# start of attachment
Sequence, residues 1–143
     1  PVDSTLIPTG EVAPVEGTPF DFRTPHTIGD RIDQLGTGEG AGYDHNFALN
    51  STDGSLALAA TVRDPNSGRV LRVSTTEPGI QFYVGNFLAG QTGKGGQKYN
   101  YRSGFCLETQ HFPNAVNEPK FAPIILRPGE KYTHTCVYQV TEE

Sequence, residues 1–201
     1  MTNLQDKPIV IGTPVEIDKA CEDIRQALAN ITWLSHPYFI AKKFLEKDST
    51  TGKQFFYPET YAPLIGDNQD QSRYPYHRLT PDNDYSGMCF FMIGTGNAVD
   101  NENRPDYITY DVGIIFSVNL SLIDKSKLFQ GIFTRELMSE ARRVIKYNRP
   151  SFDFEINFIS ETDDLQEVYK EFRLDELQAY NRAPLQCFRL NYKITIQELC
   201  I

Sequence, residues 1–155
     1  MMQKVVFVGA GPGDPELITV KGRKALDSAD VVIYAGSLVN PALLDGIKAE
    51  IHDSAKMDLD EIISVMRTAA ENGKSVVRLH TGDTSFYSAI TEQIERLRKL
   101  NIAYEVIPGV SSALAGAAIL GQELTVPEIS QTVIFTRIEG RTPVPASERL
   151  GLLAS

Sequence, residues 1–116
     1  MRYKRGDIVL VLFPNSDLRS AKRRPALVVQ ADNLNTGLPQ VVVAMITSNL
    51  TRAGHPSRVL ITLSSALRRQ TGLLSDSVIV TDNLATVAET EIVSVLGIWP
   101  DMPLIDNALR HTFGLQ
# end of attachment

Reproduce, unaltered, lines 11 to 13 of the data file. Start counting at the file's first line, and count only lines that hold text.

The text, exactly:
Sequence, residues 1–155
     1  MMQKVVFVGA GPGDPELITV KGRKALDSAD VVIYAGSLVN PALLDGIKAE
    51  IHDSAKMDLD EIISVMRTAA ENGKSVVRLH TGDTSFYSAI TEQIERLRKL